11.40 +/-1.40

16.00 +/-1.07



  CONTROL 1 2 3 4 5
NNa mmol/L 146.6 +/-0.4 145.5 +/-1.3 146.3 +/-0.5 146.3 +/-0.6 144.5 +/-0.9 144.0 +/-2.6
K mmol/L 4.51 +/-0.07 4.48 +/-0.11 3.90 +/-0.12** 4.08 +/-0.14 3.83 +/-0.13** 4.04 +/-0.40
Ca mmol/L 2.61 +/-0.01 2.59 +/-0.04 2.53 +/-0.02 2.53 +/-0.08 2.55 +/-0.05 2.60 +/-0.07
Mg mmol/L 0.77 +/-0.02 0.75 +/-0.04 0.71 +/-0.02 0.71 +/-0.03 0.079 +/-0.08 0.92 +/-0.12
PO4 mmol/L 1.32 +/-0.04 1.53 +/-0.15 1.28 +/-0.10 1.43 +/-0.14 1.82 +/-0.11 2.23 +/-0.12***
TP g/L 65.5 +/-0.7 67.8 +/-2.0* 66.3 +/-0.9 66.8 +/-1.3 69.8 +/-3.9 74.6 +/-4.8
ALB g/L 29.4 +/-0.4 29.5 +/-1.2 27.3 +/-1.0** 28.3 +/-1.7 28.3 +/-1.3 29.8 +/-1.6
TCO2 mmol/L 20.96 +/-0.77 15.32 +/-1.92 17.18 +/-0.39 17.40 +/-0.73*** 19.70 +/-0.80 17.86 +/-0.99
U mmol/L 6.50 +/-0.50 4.21 +/-0.36 3.57 +/-0.39* 3.50 +/-0.46** 4.46 +/-0.50* 4.86 +/- 0.79
CHOL mmol/L 4.79 +/- 0.20 5.11 +/-0.14 5.61 +/-0.51 5.14 +/-0.24 6.99 +/-1.00*** 6.85 +/-0.82*
GLUC mmol/L 6.13 +/-0.14 6.24 +/-0.52 6.99 +/-0.03*** 6.56 +/-0.24** 9.94 +/-2.41*** 11.26 +/-2.64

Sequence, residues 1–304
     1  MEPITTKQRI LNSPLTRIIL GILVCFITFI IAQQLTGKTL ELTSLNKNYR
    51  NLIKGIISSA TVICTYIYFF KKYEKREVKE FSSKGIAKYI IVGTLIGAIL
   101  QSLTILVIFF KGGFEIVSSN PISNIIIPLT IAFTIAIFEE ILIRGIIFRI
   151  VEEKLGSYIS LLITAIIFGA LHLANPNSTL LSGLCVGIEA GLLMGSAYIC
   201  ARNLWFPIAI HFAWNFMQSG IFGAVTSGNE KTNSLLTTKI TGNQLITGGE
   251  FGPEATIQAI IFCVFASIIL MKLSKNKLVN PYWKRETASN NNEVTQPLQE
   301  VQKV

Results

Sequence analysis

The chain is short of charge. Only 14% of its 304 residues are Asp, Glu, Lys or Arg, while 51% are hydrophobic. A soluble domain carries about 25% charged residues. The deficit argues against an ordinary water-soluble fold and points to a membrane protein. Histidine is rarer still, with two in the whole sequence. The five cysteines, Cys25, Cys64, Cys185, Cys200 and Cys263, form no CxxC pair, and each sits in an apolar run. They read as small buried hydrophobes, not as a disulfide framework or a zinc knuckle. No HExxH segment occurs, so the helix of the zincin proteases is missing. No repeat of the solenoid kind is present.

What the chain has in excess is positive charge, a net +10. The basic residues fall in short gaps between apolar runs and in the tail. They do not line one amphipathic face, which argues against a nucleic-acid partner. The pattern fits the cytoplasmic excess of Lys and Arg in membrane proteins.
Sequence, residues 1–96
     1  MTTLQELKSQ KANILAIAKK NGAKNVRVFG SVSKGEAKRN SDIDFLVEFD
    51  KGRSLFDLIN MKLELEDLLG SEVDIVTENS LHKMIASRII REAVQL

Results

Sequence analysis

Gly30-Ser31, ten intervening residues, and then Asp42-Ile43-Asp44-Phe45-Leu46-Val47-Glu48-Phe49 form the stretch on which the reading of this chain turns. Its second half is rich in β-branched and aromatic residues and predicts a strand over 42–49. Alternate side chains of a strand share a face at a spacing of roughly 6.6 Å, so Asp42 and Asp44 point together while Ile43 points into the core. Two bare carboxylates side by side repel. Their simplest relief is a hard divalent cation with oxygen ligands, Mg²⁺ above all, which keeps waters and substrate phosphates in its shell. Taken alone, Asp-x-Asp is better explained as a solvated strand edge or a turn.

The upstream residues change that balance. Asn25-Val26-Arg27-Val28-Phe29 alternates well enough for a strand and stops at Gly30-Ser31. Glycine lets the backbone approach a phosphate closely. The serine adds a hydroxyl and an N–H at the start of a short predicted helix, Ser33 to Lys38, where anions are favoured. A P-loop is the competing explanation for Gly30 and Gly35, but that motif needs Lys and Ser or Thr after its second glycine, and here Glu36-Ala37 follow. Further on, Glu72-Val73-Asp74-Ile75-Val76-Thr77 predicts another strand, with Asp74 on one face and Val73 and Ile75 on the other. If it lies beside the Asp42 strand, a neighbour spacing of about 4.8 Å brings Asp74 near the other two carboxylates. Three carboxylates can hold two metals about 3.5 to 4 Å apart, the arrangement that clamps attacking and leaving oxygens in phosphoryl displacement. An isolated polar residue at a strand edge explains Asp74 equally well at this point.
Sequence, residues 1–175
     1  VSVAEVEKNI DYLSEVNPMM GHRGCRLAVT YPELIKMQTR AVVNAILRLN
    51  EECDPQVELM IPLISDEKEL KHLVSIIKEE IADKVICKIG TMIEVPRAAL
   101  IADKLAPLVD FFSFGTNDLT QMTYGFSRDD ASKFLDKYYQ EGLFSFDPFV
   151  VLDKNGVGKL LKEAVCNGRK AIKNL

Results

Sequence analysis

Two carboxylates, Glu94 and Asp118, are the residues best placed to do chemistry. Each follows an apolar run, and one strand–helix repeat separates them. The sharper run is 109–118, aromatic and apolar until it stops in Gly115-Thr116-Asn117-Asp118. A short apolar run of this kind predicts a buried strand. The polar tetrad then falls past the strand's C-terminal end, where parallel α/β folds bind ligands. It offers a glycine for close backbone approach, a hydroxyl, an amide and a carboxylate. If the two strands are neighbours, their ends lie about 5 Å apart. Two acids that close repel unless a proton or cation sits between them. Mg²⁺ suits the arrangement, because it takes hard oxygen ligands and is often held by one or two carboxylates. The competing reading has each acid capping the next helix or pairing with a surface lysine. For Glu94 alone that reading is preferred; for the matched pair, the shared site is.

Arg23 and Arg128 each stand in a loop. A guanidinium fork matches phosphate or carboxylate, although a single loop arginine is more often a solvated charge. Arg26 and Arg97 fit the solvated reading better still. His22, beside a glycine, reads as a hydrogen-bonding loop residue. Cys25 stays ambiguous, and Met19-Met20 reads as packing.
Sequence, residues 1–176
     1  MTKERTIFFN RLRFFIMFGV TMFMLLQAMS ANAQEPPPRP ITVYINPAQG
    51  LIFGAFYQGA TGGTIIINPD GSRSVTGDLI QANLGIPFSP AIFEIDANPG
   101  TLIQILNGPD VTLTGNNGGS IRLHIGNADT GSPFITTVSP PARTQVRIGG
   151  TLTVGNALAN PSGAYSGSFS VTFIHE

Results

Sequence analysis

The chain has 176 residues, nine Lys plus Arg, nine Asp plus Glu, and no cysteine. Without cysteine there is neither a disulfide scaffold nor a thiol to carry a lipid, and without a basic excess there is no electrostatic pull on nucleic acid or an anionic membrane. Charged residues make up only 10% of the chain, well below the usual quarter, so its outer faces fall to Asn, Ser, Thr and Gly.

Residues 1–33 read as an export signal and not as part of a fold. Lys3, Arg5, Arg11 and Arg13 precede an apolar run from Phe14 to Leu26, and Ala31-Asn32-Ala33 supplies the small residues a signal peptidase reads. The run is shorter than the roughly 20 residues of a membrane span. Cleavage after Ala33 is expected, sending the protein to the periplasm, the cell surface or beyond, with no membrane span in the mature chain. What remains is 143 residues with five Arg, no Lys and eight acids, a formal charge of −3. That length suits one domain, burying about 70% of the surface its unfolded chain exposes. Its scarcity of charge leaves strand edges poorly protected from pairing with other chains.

AP u/L 52.8 +/-6.7 63.8 +/-16.9 82.3 +/-14.8 64.3 +/-19.6 58.3 +/-7.6 64.8 +/-8.8
TBIL umol/L 5.81 +/-0.17 3.93 +/-0.51 3.42 +/-0.00**** 2.56 +/-0.51**** 2.22 +/-1.03 1.71 +/-1.03*
CPK u/L 22.3 +/-1.9 19.3 +/-5.3 27.3 +/-4.8 57.8 +/-35.0 22.8 +/-5.7 223.0 +/-152.4***
  CONTROL 1 2 3 4 5
HR b/min 102 +/-9 135 +/-16* 128 +/-15 128 +/-16 111 +/-10 78 +/-3
AP mmHg 94.5 +/-1.9 111.8 +/-2.1*** 122.4 +/-4.2** 122.8 +/-5.6* 135.5 +/-6.0** 134.3 +/-7.4*
PA mmHg 12.5 +/-0.7 12.6 +/-1.3 16.2 +/-1.2* 18.8 +/-2.8* 20.5 +/-1.2*** 16.5 +/-1.4
LA mmHg 4.7 n=3 5.0 n=2 4.5 n=2 5.0 n=2 4.5 n=2 9.5 n=2
AF L/min 3.5 +/-0.2 3.0 +/-0.4 2.7 +/-0.2* 2.6 +/-0.5 3.2 +/-0.3 3.0 +/-0.8
CO mL/min/kg 123 +/-9 105 +/-17 93 +/-11* 93 +/-22 112 +/-13 107 +/-34
SV mL/kg 1.23 +/-0.09 0.85 +/- 0.22 0.78 +/-0.15* 0.86 +/-0.36 1.07 +/-0.24 0.33 +/-0.37
SVR arbitrary units 0.80 +/-0.07 1.15 +/-0.14* 1.39 +/-0.16* 1.56 +/-0.36 1.26 +/-0.14* 1.65 +/-0.43
PDP mmHg 7.3 n=3 9.5 n=2 10.5 n=2 9.5 n=2 14.0 n=2 6.0 n=2
PVR arbitrary units 0.06 n=3 0.10 n=2 0.12 n=2 0.12 n=2 0.15 n=2 0.10 n=2
dP/dT:llT /sec^2 2950 +/-190 2860 +/-190 2700 +/-280 2200 +/-480 2510 +/-130 3060 +/-300
PVO2 mmHg 38.1 +/-1.0 41.3 +/-0.8* 40.7 +/-1.3 41.0 +/-1.8 41.5 +/-1.2* 39.4 +/-0.5